Album Review: Aeolian – “Silent Witness”

Aeolian - Silent Witness

Grad school has started, which means there’s been a lot of changes occurring behind the scenes that make me seek comfort in what I already know rather than experiencing new things. However, I couldn’t pass on music from the grandmother country, especially when there’s melodic death metal involved. Given how much I have written on the subject, the fact that I am still interested means that I am completely into finding new elements that seem to illustrate its evolution into something else. The thing about melodeath is that it’s currently evolving into something interesting and electronic. As we hear worlds collide, traditional melodeath – as defined by the popularity of Swedish melodeath, has become more focused on the country or region the band comes from. This has created a different sound that becomes dynamic and much more melodic in tone. With this in mind, we can look to Aeolian, a Spanish melodeath band whose debut album, Silent Witness, has a groovier blend of melodeath that I have not previously heard. Continue reading

Column: The Path To Paradise Begins In Hell – Melodic Death Metal

The Path to Paradise Begins In Hell

In last month’s column, I discussed my love for symphonic death metal and the three albums that brought it to the forefront of my memory. One of those albums, Bu-Tik, seemed to straddle the line between symphonic metal, melodeath, and black metal, which is a good segue into what we will be getting to today.

The more I kept listening to symphonic death metal, the more I began to realize that there was something else to it. Some of the albums I would look into would also have the melodic death label, which intrigued me. As a former cellist, symphonic and melodic were used interchangeably – granted, there is a fine line of separation – so I always associated them with orchestra music or operatic metal. However, sometimes you need someone to push you in a different direction in order to try something new.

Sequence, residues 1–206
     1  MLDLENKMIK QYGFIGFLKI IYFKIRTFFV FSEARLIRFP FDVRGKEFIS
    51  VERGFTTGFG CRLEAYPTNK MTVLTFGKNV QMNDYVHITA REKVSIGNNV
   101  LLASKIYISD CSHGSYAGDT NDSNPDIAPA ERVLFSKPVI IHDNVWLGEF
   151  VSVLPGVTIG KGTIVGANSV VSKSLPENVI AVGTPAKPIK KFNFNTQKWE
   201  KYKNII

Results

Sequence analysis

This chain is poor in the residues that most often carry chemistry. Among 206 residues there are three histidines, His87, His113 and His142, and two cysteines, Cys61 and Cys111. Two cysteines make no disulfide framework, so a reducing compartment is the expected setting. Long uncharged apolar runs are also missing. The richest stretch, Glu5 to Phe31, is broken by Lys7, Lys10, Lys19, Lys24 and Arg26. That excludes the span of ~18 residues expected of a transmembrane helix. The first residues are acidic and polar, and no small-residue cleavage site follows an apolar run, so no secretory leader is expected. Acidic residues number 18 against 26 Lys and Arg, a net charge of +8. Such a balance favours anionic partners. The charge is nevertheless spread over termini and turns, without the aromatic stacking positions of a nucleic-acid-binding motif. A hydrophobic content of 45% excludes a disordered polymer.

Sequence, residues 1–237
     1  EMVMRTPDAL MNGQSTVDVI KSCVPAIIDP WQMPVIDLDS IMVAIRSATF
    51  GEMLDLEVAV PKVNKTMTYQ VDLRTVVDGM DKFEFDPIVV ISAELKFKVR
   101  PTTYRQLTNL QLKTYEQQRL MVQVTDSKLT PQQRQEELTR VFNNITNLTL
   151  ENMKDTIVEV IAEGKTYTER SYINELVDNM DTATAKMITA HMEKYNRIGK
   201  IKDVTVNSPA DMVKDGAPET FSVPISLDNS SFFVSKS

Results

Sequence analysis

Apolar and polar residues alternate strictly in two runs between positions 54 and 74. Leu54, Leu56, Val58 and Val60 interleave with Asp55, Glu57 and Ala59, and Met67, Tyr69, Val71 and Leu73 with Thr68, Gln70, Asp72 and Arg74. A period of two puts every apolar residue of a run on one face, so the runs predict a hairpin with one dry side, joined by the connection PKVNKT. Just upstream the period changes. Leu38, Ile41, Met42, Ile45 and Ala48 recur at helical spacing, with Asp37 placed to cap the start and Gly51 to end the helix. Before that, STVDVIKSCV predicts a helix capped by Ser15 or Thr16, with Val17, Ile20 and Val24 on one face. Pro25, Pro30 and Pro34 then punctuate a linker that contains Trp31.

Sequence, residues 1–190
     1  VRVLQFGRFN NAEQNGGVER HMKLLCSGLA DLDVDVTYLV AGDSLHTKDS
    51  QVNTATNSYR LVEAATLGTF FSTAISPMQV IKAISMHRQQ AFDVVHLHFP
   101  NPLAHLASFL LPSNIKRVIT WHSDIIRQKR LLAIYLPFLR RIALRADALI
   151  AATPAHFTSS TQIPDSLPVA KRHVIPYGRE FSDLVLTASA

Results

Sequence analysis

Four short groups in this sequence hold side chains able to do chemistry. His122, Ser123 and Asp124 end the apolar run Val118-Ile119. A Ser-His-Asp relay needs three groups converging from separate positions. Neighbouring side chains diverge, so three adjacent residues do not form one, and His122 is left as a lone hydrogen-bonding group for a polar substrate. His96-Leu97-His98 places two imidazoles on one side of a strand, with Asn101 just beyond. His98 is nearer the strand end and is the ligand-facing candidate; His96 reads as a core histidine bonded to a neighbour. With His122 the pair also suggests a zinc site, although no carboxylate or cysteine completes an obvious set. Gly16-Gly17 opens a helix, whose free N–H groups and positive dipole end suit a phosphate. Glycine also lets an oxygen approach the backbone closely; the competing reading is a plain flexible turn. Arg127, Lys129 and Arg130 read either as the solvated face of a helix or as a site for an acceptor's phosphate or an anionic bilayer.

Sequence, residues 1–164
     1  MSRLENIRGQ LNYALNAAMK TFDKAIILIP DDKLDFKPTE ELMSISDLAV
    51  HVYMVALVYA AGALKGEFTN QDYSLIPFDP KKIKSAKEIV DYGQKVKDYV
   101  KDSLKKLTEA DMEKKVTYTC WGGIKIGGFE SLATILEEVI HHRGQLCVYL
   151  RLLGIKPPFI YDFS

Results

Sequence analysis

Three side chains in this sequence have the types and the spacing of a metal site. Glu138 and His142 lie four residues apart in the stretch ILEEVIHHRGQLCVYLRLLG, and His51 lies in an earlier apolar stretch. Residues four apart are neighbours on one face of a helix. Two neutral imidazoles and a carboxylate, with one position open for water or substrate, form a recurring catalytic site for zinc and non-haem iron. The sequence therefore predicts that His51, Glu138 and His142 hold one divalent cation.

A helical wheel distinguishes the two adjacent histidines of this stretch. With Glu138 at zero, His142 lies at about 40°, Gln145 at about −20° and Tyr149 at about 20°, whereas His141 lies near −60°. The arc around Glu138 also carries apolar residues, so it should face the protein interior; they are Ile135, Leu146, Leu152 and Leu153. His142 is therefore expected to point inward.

After that push, I became somewhat more educated not only in the difference between melodic and symphonic death metal, but also what melodic death metal actually was.

It’s time we talk about melodeath. Continue reading

Throwback Thursday: In Flames’ “Clayman” turns 18

inflames-clayman-album

Though they’re little more than a punchline these days, it’s hard to overstate just how important In Flames were in my journey into metal fandom. As I began my crossover from nu-metal kid into “the real shit” — sometime around eighth grade — the Swedes were one of the first contemporary bands to really hook me. At their peak, they hit every note I wanted to hear: the sense of melody I’d come to appreciate from classic artists like Maiden and Priest; a heaviness that, unlike nu-metal, didn’t feel clownish; and most importantly, an almost unfairly catchy presentation of both those component parts.

And it’s thanks to that last point in particular that Clayman was the first In Flames album to hook me in. So in honor of its 18th birthday this past Tuesday, let’s take a look back at it.

Continue reading

The Nine Circles Audio Thing: Amorphis was May 2018’s Album of the Month!

We’re well into a new month, so that means we’re back with another chat about our favorite album from the old month! For this May-2018-edition of “old-month,” that album is Amorphis‘ spellbinding new set, Queen of Time. (Or, as one Chris Voss, might refer to it, Queen of Bee.)

Whatever you call it, it’s the Finnish legends’ thirteenth album to date, and we here at the blog were all pretty taken with it. (This time out, “we here at the blog” translates to: Dan, Corey, Chris, Vince, Hera and Mark. Josh S. wanted to be here, too, but Google Hangouts had other ideas and wouldn’t let him in. SO MUCH FOR NOT BEING EVIL, AMIRITE?)

Anyway, we all got together this past Sunday to discuss the album and are thrilled to be bringing that conversation to you now. Jump on in and take a listen!

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Album Review: Light This City – “Terminal Bloom”

Light This City - Terminal Bloom

When I think of melodeath – and particularly death metal – two places come to mind: Gothenburg, Sweden and Tampa, Florida. As the birthplaces of modern death metal as we know it to be, it should come as no surprise to anyone that the genre has diversified to the point where one can recognize the difference between each regional/state scene. In the case of the Bay Area band Light This City, their blend of melodeath on Terminal Bloom is infused with a heavy dose of thrash, making it sound both vibrant and hard as nails. Continue reading